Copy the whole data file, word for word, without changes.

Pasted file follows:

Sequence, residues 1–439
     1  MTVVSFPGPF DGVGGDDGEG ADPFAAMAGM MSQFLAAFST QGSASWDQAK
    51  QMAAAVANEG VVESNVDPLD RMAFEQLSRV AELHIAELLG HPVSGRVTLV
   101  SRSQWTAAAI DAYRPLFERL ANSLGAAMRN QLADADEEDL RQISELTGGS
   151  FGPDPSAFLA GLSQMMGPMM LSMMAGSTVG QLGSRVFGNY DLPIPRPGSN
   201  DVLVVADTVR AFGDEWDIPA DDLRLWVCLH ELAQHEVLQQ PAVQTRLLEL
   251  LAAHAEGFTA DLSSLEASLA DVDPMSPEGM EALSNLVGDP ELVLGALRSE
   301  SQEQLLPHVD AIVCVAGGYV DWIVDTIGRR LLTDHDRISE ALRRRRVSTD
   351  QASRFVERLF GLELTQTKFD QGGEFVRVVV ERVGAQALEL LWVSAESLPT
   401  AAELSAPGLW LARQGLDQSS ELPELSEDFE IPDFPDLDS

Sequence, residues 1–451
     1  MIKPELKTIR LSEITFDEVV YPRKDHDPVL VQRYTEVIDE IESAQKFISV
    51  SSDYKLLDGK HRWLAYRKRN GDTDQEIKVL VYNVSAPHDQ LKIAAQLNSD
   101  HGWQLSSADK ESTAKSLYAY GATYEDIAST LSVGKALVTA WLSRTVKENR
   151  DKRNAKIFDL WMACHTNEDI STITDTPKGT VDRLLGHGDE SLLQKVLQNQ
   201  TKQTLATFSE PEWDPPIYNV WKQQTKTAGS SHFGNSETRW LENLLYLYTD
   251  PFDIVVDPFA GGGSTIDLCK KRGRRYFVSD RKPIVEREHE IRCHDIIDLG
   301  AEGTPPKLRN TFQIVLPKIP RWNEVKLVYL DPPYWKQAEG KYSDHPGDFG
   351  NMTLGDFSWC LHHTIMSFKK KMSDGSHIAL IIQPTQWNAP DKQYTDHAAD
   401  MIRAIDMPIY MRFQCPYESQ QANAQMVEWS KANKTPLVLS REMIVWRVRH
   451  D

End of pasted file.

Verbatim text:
Sequence, residues 1–439
     1  MTVVSFPGPF DGVGGDDGEG ADPFAAMAGM MSQFLAAFST QGSASWDQAK
    51  QMAAAVANEG VVESNVDPLD RMAFEQLSRV AELHIAELLG HPVSGRVTLV
   101  SRSQWTAAAI DAYRPLFERL ANSLGAAMRN QLADADEEDL RQISELTGGS
   151  FGPDPSAFLA GLSQMMGPMM LSMMAGSTVG QLGSRVFGNY DLPIPRPGSN
   201  DVLVVADTVR AFGDEWDIPA DDLRLWVCLH ELAQHEVLQQ PAVQTRLLEL
   251  LAAHAEGFTA DLSSLEASLA DVDPMSPEGM EALSNLVGDP ELVLGALRSE
   301  SQEQLLPHVD AIVCVAGGYV DWIVDTIGRR LLTDHDRISE ALRRRRVSTD
   351  QASRFVERLF GLELTQTKFD QGGEFVRVVV ERVGAQALEL LWVSAESLPT
   401  AAELSAPGLW LARQGLDQSS ELPELSEDFE IPDFPDLDS

Sequence, residues 1–451
     1  MIKPELKTIR LSEITFDEVV YPRKDHDPVL VQRYTEVIDE IESAQKFISV
    51  SSDYKLLDGK HRWLAYRKRN GDTDQEIKVL VYNVSAPHDQ LKIAAQLNSD
   101  HGWQLSSADK ESTAKSLYAY GATYEDIAST LSVGKALVTA WLSRTVKENR
   151  DKRNAKIFDL WMACHTNEDI STITDTPKGT VDRLLGHGDE SLLQKVLQNQ
   201  TKQTLATFSE PEWDPPIYNV WKQQTKTAGS SHFGNSETRW LENLLYLYTD
   251  PFDIVVDPFA GGGSTIDLCK KRGRRYFVSD RKPIVEREHE IRCHDIIDLG
   301  AEGTPPKLRN TFQIVLPKIP RWNEVKLVYL DPPYWKQAEG KYSDHPGDFG
   351  NMTLGDFSWC LHHTIMSFKK KMSDGSHIAL IIQPTQWNAP DKQYTDHAAD
   401  MIRAIDMPIY MRFQCPYESQ QANAQMVEWS KANKTPLVLS REMIVWRVRH
   451  D